According to their estimate, light from the blast arrived at Earth 1,700 years ago, during the decline of the Roman Empire. However, the supernova would only have been visible to inhabitants of Earth’s southern hemisphere. Unfortunately, there are no known records of this titanic event.

The researchers’ results differ from previous observations of the supernova’s blast site and age. Earlier studies, for example, arrived at explosion ages of 2,000 and 1,000 years ago. However, Banovetz and Milisavljevic say their analysis is more robust.

This time-lapse video shows the movement of a supernova remnant—the gaseous remains of an exploded star—that erupted approximately 1,700 years ago. The stellar corpse, a supernova remnant named 1E 0102.2-7219, met its demise in the Small Magellanic Cloud, a satellite galaxy of our Milky Way. The movie’s opening frame shows ribbons of glowing gaseous clumps that make up the remnant. The video then toggles between two black-and-white images of the remnant, taken 10 years apart, revealing subtle shifts in the ejecta’s expansion over time.Credits: NASA, ESA, A. Pagan (STScI), J. Banovetz and D. Milisavljevic (Purdue University)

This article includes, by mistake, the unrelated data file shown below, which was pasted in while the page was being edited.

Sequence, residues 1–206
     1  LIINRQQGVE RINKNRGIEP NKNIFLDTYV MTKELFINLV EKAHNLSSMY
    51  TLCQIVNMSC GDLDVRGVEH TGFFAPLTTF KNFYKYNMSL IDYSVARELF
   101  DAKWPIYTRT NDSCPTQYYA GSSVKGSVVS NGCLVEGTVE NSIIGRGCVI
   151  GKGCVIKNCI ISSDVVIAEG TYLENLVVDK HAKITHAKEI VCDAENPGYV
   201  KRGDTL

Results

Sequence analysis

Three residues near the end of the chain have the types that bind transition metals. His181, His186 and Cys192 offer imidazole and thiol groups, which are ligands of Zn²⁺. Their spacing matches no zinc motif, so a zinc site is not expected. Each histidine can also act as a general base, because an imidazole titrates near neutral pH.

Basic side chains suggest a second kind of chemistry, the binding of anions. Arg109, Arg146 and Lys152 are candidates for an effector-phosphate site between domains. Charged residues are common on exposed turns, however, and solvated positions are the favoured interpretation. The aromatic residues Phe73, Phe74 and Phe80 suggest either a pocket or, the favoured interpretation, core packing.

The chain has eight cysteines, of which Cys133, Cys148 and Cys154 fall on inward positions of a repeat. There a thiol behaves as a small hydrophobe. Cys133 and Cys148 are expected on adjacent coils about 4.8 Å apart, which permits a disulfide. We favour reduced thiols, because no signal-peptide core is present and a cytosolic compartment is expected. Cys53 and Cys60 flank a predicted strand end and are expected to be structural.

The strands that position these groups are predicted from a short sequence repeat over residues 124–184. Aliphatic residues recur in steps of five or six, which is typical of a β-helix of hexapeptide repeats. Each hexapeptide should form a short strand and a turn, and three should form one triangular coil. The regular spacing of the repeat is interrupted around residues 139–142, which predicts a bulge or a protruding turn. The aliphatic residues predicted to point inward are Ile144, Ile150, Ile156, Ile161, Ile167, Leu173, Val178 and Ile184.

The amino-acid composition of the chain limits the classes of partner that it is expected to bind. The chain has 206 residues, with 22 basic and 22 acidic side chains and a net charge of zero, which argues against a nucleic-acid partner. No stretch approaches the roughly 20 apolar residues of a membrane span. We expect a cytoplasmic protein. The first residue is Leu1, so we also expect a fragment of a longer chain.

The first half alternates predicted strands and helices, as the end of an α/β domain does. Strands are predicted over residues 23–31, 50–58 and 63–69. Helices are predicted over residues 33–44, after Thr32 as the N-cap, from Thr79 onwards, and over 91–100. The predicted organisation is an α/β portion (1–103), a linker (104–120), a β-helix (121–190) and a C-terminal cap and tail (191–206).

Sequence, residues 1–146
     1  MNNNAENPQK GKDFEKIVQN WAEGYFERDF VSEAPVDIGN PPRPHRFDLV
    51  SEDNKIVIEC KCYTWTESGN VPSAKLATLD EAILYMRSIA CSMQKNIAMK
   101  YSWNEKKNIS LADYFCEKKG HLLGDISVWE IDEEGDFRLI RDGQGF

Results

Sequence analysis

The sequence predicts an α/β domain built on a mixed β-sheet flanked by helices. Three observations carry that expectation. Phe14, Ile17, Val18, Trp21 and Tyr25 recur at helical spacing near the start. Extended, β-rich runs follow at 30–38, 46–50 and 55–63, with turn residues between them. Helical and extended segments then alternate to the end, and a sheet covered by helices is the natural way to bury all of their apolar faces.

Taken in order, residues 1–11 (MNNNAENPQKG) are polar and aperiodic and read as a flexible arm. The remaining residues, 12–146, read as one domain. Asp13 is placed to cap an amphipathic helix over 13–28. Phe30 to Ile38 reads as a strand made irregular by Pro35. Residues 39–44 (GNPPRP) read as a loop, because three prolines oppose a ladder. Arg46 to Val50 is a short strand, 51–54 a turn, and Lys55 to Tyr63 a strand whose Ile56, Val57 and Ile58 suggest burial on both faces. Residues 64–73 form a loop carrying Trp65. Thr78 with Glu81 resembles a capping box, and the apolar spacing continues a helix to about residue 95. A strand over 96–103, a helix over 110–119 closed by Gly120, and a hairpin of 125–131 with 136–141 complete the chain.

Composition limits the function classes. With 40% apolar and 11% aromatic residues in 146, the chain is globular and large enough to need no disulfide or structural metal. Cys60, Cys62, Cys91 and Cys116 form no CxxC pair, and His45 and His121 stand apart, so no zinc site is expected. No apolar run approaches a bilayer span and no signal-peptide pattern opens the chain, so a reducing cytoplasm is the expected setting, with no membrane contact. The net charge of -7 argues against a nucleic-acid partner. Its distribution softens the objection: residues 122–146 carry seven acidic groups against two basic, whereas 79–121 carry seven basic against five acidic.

“A prior study compared images taken years apart with two different cameras on Hubble, the Wide Field Planetary Camera 2 and the Advanced Camera for Surveys (ACS),” Milisavljevic said. “But our study compares data taken with the same camera, the ACS, making the comparison much more robust; the knots were much easier to track using the same instrument. It’s a testament to the longevity of Hubble that we could do such a clean comparison of images taken 10 years apart.”